The Art of Feeling Good

I accept and I surrender to this moment. I feel good because it feels good

Feeling good means different things for different people. If you are battling an illness, then any moments of relief are times when you feel good. Relief from pain in any amount provides optimism and hope for a positive outcome.

For others, feeling good means having the freedom to do whatever they want in any moment without having to worry about what is going on with the body, expecting to have the energy to carry them through all that they choose to pursue.

Still others have no idea what it is like to feel good. They are dealing with chronic pain, grief, depression or anger.

For me, remembering that the time I have here is limited always cheers me up in a strange way. It sounds morbid but it is actually quite liberating. Being finite reminds me to be fine, to choose to enjoy what is around me and to live in the moment as opposed to fighting and resisting it.

I am blessed. I live in a country where my rights are protected, where I have freedom and the ability to provide myself with everything I need to thrive as opposed to just survive.

Many people are not as fortunate.

It would be a shame to find fault in the life that I live. I have access to clean water whenever I want it, to food that is affordable, and I am able to choose what I spend my time doing in exchange for money to live.

I can move without being monitored, I can talk or not talk to people as I wish, and I can feel reasonably safe that by being mindful I can limit my exposure to danger.

In other words, I am living a life that millions of people around the world can only dream about.

To take this for granted would be ridiculous. Yet for some reason we do.

People argue with their neighbours over any encroachments on their space, not realizing how fortunate they are to be able to own property.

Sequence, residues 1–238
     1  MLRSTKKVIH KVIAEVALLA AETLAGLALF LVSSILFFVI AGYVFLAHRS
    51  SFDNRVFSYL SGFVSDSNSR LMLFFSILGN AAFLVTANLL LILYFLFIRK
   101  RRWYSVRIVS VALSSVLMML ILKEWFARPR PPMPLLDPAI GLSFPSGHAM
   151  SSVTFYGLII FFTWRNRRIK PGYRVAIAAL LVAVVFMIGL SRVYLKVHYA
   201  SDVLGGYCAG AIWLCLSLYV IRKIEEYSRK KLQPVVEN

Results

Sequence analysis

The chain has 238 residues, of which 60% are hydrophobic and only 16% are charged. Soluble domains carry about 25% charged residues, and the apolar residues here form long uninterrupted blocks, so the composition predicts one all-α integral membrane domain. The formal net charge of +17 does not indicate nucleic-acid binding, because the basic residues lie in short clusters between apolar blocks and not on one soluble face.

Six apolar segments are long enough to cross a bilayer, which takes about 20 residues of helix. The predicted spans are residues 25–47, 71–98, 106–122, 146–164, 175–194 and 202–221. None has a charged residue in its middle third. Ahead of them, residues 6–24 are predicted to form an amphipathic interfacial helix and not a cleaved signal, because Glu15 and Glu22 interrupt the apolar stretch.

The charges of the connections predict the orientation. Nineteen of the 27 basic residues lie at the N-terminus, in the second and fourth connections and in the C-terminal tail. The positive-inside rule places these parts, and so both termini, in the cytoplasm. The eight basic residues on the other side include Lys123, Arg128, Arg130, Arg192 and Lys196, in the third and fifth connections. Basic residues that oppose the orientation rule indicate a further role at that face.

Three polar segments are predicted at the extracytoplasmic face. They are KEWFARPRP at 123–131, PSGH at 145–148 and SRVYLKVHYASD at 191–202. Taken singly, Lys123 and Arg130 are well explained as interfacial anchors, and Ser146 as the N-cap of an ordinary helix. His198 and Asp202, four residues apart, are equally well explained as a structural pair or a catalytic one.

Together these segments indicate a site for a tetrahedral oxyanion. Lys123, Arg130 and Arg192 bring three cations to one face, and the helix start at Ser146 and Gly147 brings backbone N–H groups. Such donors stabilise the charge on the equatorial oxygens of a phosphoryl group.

People get upset if the internet is slow or if the power goes out, not understanding what life could be like in a blackout.

I don’t dwell on thinking of these things though, as I am not big on conjuring up worst-case dramas to entertain myself.

I choose instead to see the riches around me, and to be thankful in every moment that my current circumstances support my ability to look beyond the needs of the physical and explore the inner workings of the mind.

Every morning when my eyes open, I am thankful. I am alive for another day to do what I choose to do. I am thankful for my bed and the roof over my head and the ability to control the temperature of my surroundings.

I am beyond thrilled that I have access to a bathroom with plenty of hot and cold water and that I don’t have to struggle to take care of my basic needs like my ancestors did.

I turn a light on and the darkness is gone, and all of my appliances and electronics are waiting for me to turn them on when I need them.

I breathe in deeply, appreciative that I can do so freely without needing to wear a mask or to be frightened by poor air quality.

I am here for another day, and I have everything around me that will make that day as wonderful as I choose it to be.

This is the art of feeling good.

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